The Marathon Diaries: First Training Run at Central Park

In 2010, after running both the Boston and New York City marathons, I decided I was done with the long-distance races. By then, I had five marathons under my belt, but these last two had been tough for me, partly due to poor training. As a result, I wanted to focus on fitness activities that were less time-consuming and less taxing on the body -- like half-marathons (much more reasonable distance), a triathlon (great cross-training and great for overall fitness), and Zumba (good workout, plus I really enjoy shaking my money-maker to some good beats with a bunch of cool women).

So when I was fortunate enough to score a spot in this year's New York City Marathon, I thought at first I wouldn't do it. I recalled how torturous the last 10 miles were in my last New York City Marathon. It was around mile 16 when I realized I was on a long, long hill, with 10 more of these suckers to go before I could cross the finish line and get to my exfoliating spa treatment and massage.

I ended up hurling my body over the finish line in a spastic, non-elegant, dramatic fashion, for a finish time of 3 hours and 55 minutes (my fastest marathon time was 3:29, in Los Angeles). I had so much lactic acid built up in my arms after the marathon that I had to ask someone to peel my banana. "Yeah," I thought. "I don’t think I wanna do that again."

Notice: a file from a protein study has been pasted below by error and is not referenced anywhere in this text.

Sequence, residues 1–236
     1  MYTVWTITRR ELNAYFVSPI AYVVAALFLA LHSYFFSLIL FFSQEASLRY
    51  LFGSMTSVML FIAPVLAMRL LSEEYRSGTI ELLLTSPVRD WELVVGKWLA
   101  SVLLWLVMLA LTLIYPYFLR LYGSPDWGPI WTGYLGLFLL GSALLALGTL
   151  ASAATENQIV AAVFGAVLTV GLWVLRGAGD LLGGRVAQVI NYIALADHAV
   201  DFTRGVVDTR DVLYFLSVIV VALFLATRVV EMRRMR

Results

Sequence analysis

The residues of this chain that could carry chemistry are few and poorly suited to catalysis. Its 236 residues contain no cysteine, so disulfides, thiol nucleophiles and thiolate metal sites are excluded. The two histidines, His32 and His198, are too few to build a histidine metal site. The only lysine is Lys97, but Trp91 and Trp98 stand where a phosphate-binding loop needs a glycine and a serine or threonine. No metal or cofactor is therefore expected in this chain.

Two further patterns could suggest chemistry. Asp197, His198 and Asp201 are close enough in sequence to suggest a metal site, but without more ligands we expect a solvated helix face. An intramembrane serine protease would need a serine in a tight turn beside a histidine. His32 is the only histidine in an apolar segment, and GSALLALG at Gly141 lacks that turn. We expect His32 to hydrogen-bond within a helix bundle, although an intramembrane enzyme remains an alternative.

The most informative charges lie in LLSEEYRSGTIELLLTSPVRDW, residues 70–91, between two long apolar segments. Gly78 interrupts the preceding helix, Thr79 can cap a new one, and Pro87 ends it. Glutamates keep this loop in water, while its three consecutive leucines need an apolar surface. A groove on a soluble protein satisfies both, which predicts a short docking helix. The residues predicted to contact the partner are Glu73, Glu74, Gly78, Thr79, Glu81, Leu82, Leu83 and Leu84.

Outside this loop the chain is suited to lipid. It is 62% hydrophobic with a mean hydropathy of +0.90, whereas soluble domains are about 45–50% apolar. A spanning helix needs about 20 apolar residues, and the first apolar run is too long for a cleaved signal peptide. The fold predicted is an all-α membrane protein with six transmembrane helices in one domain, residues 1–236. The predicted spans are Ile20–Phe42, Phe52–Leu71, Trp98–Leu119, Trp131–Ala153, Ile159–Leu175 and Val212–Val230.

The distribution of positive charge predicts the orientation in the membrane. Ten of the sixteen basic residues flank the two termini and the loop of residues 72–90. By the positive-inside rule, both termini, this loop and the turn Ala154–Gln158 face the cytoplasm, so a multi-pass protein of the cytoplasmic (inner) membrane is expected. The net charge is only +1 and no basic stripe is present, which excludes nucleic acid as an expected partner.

But then I also remembered the crowd: New York City rocks when it comes to sideline supporters. Unlike other marathons where there are only pockets of spectators along the way and then you're singing “All by Myself” to yourself the rest of the time, New York has people everywhere. They’re cheering for you, and it matters.

You feel like a rock star superhero, especially when you come off the 59th Street Bridge and enter Manhattan (by the way, that’s a long, long bridge). And as you turn up First Avenue, the streets are lined with people screaming for you, and in your mind, you are Rocky Balboa running through the streets of Philadelphia.

So in spite of the memories of agony, it was the ecstasy of accomplishment and the strength of my ego (time for a rematch -- I wanted a better time!) that won out. I was going to do it, and there was a bridge out there with my name on it!

But this time around, I needed back-up. Rather than unstructured, willy-nilly running to Rihanna and Limp Bizkit in Central Park, I thought, "I’m going to call my friend Sid to train me."

That's Sid Howard. He is dope, and such an inspiration: at 72 years old, he holds 47 national championships, four American records, and one world record -- and, on top of it all, he is one of the nicest people you will ever meet. I called Sid and said, “Dude, I’m running New York this year. Will you train me?” Sid said, “I got you, girl, I got you!”

So with that, I met Sid and his running group in the park Saturday to kick off my training. Sort of.

Here’s why "sort of":